Objectives: This study aims to examine the charges and frequency of return visits for treating dental health problems in hospital emergency rooms (ERs) in order to provide a basis for policy discussion concerning cost-effective and appropriate treatment for those without access to private dental services.
Methods: Records were abstracted from hospital administrative data systems for dental-related ER visits from five major hospital systems in the Minneapolis-St. Paul metropolitan area during a 1-year period. Data on the number of visits and charges were analyzed by age and type of payor (public or private). Similar data were obtained from records for a commercially insured population from a single large employer.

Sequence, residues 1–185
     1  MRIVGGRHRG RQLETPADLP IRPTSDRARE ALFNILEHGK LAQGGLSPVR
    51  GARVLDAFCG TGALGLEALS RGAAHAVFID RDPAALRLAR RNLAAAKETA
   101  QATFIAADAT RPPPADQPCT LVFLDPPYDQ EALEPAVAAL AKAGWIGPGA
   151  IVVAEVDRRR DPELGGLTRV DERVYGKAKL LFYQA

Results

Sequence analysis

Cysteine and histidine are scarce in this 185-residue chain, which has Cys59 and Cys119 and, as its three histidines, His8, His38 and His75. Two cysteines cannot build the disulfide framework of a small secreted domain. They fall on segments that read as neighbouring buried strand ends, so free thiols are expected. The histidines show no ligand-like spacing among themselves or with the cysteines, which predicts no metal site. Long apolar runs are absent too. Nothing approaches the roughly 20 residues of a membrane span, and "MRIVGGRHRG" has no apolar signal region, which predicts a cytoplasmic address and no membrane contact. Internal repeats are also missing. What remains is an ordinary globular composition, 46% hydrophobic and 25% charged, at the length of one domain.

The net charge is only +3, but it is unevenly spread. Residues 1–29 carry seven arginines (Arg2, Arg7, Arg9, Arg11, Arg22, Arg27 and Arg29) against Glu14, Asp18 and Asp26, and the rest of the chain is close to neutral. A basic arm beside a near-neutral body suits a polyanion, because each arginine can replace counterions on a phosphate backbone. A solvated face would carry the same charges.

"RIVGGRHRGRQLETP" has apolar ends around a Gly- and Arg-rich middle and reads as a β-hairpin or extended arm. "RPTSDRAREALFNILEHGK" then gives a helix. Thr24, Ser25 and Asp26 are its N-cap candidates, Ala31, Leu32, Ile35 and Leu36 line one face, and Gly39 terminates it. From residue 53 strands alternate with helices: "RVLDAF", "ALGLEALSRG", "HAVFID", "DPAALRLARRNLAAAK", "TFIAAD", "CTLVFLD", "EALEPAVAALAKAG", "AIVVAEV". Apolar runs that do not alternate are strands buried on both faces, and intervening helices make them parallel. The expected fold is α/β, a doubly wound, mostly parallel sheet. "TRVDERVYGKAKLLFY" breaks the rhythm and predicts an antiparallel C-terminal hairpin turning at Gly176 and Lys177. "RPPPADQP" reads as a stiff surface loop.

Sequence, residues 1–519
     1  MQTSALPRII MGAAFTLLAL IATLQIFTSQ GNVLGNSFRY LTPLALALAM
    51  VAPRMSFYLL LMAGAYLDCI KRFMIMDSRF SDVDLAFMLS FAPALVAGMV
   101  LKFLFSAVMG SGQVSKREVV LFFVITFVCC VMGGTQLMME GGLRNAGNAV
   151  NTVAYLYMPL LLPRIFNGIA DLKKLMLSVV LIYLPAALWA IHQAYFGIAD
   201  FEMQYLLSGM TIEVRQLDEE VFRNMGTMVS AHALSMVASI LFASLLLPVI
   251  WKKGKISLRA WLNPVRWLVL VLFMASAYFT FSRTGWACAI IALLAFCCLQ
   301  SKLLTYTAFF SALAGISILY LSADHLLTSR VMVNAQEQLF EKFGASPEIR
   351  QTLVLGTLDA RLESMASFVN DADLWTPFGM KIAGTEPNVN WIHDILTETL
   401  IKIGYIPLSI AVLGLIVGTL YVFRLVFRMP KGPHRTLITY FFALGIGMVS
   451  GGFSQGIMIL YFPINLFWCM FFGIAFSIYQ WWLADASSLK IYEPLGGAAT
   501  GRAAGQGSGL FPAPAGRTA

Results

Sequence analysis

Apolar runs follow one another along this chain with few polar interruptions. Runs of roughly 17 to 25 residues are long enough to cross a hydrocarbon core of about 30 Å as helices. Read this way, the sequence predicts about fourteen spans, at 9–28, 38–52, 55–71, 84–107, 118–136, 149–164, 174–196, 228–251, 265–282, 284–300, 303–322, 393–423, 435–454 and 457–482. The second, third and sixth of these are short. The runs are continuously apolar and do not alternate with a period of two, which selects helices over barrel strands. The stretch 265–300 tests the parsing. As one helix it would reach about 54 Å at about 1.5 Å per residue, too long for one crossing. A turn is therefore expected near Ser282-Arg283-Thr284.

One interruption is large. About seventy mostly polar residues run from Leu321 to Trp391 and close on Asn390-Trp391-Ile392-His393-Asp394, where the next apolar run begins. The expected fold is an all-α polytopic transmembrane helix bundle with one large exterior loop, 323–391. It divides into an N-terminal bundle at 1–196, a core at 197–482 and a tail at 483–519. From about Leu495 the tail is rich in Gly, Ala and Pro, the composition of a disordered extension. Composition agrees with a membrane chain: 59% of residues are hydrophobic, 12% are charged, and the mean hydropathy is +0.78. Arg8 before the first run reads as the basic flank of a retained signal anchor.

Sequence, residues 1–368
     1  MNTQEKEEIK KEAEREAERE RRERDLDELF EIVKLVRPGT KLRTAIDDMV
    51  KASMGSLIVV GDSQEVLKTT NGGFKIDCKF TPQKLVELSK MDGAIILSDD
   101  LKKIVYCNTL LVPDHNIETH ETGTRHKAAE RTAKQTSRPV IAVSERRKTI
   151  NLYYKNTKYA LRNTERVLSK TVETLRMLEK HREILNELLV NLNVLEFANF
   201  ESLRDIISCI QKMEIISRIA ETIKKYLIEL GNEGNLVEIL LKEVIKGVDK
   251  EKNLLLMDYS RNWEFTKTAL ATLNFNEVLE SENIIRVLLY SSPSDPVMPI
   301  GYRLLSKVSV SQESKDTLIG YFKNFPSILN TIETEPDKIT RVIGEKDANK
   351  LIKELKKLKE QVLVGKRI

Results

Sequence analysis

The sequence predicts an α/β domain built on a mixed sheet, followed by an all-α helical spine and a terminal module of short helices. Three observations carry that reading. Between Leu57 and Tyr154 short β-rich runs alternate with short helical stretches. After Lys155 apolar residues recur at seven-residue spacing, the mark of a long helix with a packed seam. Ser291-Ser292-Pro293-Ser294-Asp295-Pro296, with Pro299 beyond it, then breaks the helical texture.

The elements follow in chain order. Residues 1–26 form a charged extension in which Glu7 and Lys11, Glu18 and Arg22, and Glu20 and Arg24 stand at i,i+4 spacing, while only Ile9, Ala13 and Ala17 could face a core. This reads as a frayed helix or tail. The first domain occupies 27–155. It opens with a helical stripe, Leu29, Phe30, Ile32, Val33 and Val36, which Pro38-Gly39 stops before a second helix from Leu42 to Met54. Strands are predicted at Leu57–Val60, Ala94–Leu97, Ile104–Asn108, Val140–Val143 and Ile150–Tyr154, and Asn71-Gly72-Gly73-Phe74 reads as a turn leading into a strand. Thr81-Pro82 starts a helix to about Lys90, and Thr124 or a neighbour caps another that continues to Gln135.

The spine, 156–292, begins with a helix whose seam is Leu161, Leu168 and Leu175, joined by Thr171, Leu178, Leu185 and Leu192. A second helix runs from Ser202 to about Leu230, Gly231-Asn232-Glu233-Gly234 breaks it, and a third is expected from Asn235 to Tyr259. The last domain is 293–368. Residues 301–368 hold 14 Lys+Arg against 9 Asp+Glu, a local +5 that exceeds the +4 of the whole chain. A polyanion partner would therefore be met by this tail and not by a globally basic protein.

Results: There were over 10,000 visits to ERs for dental-related problems with total charges reaching nearly $5 million in 1 year, mainly charged to public programs and reimbursed at about 50 percent. The frequency of repeat visits suggests that while acute pain and infection were treated by the ER physicians, the underlying dental problem often was not resolved. In contrast, a population with commercial dental insurance rarely used hospital ERs for dental problems.
Conclusions: Access to preventive and restorative dental care is a critical public health problem in the United States, particularly for those without insurance and those covered by public programs. Public health policy initiatives such as the use of dental therapists should be expanded to improve access and to provide alternatives that offer more complete and less costly care for oral health problems than do hospital ERs.